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Thurston North Thurston Public Schools School Board Director, District No. 2

4-year term No Salary, some districts offer small per diem for evening meetings. School Board Members or “directors” – are the elected governing body of the school district, serving four-year terms. The school board’s governance responsibilities fall in four major areas: Vision – focuses the work on student achievement through a comprehensive strategic planning process; Structure – provides prudent financial planning and oversight; diligent and innovative policymaking; Accountability – sets specific goals and a process for evaluation, reporting and recommendations for improvements; and Advocacy – champions public education in the local community and before state and federal policy makers. The School Board sets the general policies of the district, which are implemented by the hired professional district Superintendent and certificated teaching staff and personnel. One of the critical duties is the adoption of the district's budget and proposal of any school levies to be placed on the ballot to the people. The commission sets policies and approves all spending via the budget. The council also sets salaries for district employees.
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    Marcia Coppin (NP) Retired

  • Chuck Namit (NP)

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Biographical Information

Of three major issues facing your district, which one is the most urgent?

What is your position on Charter Schools as a part of your public school system?

What is your position on testing of your students?

What is your opinion on "start times" for elementary and secondary school?

How can the on-time graduation rate be improved?

How should bullying be addressed?

What would be your plan to see that your school district students earn their civics credit required by the new state law?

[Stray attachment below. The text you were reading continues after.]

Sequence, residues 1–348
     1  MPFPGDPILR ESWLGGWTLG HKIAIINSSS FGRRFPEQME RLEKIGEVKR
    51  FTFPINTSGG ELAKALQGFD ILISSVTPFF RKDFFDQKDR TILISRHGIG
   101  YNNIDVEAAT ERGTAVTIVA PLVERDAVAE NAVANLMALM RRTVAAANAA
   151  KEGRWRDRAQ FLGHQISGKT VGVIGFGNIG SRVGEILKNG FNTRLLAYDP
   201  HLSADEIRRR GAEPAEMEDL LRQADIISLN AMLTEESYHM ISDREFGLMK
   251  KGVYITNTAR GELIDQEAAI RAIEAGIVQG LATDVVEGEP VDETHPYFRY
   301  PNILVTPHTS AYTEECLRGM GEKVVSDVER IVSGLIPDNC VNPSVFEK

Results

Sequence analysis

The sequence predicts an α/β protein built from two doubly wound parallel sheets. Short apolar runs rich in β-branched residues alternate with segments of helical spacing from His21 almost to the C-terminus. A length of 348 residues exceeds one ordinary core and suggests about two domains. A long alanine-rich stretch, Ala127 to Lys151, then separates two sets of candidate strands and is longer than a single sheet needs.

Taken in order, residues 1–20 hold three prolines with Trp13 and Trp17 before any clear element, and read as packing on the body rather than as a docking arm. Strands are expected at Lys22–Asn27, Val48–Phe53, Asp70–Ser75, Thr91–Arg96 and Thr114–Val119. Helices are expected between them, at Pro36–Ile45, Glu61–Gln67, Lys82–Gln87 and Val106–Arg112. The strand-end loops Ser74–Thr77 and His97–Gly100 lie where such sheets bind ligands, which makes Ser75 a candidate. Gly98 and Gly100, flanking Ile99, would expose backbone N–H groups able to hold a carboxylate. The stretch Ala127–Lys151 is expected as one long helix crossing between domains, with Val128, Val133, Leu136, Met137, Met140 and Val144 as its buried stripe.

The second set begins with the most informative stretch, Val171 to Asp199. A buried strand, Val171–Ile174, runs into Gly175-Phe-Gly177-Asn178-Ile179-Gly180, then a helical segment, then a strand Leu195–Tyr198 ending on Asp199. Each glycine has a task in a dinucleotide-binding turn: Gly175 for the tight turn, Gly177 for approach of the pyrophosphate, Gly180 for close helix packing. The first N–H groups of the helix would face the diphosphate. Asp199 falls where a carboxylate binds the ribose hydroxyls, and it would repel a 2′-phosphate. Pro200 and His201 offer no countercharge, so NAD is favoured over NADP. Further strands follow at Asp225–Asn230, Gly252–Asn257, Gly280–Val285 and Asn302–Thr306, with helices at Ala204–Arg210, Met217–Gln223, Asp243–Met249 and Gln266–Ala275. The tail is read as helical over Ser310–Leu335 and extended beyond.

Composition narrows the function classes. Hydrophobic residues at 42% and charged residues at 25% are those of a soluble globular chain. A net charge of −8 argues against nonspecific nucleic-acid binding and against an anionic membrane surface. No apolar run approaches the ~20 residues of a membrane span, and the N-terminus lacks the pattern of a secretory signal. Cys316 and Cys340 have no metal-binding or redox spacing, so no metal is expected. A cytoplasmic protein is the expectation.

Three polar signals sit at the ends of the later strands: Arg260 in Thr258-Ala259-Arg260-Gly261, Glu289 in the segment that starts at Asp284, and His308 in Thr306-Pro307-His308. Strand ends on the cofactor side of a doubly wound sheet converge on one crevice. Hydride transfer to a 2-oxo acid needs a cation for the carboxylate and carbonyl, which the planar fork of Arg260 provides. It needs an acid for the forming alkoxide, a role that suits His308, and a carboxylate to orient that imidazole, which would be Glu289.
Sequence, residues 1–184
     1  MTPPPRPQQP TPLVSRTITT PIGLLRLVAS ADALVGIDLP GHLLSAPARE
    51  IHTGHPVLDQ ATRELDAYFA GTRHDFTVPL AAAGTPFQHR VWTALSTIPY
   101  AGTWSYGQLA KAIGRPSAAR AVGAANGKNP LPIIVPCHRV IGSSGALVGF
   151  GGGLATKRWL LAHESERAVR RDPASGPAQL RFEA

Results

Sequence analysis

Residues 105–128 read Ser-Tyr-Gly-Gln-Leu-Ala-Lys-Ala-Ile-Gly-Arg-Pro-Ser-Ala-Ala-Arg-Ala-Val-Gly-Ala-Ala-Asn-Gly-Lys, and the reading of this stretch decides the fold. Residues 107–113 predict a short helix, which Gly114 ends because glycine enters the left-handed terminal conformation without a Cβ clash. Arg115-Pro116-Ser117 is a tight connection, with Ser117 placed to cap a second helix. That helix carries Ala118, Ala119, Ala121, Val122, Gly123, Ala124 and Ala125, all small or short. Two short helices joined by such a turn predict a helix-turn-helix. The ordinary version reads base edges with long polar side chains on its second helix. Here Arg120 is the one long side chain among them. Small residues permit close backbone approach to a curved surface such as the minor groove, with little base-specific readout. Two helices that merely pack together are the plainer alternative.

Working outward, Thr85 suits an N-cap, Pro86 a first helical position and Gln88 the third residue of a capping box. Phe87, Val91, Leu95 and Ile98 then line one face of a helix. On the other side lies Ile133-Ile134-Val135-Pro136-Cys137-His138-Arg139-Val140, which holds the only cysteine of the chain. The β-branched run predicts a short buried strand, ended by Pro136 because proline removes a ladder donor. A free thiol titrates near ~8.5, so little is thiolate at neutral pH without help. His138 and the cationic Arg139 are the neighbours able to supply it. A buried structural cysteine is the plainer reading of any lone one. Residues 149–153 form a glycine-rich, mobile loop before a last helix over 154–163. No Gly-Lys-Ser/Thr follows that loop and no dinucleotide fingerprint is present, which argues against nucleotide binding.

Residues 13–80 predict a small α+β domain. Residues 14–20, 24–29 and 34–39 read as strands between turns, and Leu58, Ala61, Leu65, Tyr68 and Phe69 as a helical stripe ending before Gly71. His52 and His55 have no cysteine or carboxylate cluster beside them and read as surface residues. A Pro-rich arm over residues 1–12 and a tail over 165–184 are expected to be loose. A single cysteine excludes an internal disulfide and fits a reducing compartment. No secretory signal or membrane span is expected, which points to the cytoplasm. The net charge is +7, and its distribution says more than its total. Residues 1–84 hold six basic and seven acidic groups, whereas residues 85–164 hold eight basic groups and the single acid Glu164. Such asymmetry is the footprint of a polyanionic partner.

What is your opinion of student suspension for classroom disruption?

Phone (360) 438-2765
Town where you live Unincorporated Lacey
Experience (300 characters max) Raised in Denver Attended 2 years of college Married an Air Force pilot Raised 4 children We moved here so our children could graduate from the same high school and be able to call it home. I have been PTA president many times, I have worked in the district, and have served on the board for 6 year.
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Our district has actually looked at the amount of testing we have done and purposefully eliminated some. There are a lot of ways to evaluate student learning. Testing is one of them. Not all students learn the same way. Not all teachers teach the same way. So testing is not an exact science. Periodical testing is, however, a way to find out if what is being taught is actually being learned. It can identify students that need extra support as well as those who would benefit from added challenge. It can also identify teachers that might need support. Making sure that students have the knowledge and experience to successfully transition to work, college and careers requires a form of measurement.
My personal opinion is that high school students need more sleep. But getting out early in the afternoon allows many to have jobs that they need and time for activities like sports.
Students need a graduation and beyond plan that starts early. Waiting until the Junior year, or worse, the Senior year, to make sure everything is lining up for graduation is often too late. We start talking to students in middle school about navigating that path. Also we have a lot of students that are not engaged in anything outside the classroom, and getting them involved in clubs or sports or service, help them establish a stronger connection with their school and piers.
There should be ZERO tolerance for bullying. The district Positive Behavior Intervention System has been in place for years now. District wide students learn what behavior is expected and positive behavior is reinforced and rewarded throughout the year. Office referrals to the office have dropped dramatically. It has kept more students in the classroom and learning. Along with this they are taught respect, tolerance, patience and compassion.
Our community is always in need of helping hands and volunteers. There are many ways students could gain civic credits through involvement with businesses, charities and organizations. As a board member, my responsibility is only to oversee our district. We have policies in place to give direction which the superintendent interprets for action to be taken. I trust our professionals who are crafting their plans. We will keep an eye on the progress and anticipate creative solutions to ensure those credits are earned.
Suspensions mean that a student is not in class learning. Only serious infractions should merit suspension.
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